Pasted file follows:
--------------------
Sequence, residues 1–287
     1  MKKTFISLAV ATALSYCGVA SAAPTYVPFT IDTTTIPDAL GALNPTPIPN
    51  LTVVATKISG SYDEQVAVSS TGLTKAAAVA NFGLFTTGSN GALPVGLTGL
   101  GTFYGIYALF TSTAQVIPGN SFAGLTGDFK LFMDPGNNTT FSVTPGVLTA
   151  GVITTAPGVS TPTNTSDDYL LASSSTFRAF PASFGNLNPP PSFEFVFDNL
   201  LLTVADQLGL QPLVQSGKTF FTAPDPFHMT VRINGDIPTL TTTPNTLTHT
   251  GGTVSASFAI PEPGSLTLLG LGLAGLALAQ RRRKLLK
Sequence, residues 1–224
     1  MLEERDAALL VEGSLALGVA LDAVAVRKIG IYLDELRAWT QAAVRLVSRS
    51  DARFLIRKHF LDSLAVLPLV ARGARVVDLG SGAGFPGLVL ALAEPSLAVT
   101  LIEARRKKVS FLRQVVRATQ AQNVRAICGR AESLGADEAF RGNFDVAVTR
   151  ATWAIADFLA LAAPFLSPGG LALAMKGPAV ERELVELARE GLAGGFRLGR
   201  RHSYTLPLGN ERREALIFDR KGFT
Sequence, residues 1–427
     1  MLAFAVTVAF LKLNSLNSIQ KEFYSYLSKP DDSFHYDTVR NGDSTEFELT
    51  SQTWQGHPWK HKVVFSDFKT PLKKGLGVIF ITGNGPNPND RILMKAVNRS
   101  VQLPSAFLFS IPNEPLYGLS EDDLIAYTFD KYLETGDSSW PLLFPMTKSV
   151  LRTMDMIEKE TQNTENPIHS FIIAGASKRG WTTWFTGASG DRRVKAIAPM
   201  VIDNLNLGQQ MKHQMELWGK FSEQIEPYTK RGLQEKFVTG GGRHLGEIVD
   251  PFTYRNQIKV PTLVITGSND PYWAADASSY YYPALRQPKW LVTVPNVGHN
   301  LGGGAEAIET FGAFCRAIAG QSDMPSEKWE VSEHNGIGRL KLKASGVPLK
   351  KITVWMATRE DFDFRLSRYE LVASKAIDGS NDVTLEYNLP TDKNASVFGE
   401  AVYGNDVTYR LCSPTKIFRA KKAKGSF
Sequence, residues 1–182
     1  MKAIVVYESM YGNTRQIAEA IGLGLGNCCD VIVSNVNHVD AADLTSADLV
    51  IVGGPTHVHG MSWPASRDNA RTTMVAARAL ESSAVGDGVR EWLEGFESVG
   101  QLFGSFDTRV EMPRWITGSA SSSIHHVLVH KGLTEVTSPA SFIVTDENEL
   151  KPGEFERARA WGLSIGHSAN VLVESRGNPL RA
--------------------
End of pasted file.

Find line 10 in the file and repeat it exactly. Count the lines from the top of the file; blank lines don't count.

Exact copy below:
    51  DARFLIRKHF LDSLAVLPLV ARGARVVDLG SGAGFPGLVL ALAEPSLAVT